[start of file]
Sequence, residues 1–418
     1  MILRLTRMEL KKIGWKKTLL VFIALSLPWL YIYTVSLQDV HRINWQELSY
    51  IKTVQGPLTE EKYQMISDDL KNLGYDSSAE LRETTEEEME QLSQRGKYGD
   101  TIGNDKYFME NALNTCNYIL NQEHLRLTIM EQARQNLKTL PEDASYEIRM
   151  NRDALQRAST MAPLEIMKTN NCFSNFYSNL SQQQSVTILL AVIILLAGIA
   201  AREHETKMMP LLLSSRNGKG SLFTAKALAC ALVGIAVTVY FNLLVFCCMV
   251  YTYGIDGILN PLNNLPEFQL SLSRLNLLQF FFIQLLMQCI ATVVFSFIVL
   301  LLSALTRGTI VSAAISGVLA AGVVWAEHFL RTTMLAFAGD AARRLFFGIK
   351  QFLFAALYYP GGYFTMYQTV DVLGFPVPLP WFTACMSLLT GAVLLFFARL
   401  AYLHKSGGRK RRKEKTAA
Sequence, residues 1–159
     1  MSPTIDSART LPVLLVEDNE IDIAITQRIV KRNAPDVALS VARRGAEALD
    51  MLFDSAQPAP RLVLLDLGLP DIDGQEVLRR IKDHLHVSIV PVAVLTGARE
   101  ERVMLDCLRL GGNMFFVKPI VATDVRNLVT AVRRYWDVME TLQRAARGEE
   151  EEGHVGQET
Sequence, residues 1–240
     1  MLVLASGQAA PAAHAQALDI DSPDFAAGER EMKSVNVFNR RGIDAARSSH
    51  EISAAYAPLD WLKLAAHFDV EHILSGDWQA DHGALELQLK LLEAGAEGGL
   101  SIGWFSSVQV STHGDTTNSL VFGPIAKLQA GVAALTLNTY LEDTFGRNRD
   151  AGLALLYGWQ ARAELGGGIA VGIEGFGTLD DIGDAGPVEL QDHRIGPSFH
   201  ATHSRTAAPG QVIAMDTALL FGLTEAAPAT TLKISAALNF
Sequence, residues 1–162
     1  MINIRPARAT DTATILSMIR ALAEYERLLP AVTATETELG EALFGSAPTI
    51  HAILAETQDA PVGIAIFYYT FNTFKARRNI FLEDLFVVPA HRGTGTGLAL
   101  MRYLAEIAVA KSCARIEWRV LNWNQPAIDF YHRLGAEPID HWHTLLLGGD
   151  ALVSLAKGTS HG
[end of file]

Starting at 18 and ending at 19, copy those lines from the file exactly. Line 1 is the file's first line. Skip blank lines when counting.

    51  EISAAYAPLD WLKLAAHFDV EHILSGDWQA DHGALELQLK LLEAGAEGGL
   101  SIGWFSSVQV STHGDTTNSL VFGPIAKLQA GVAALTLNTY LEDTFGRNRD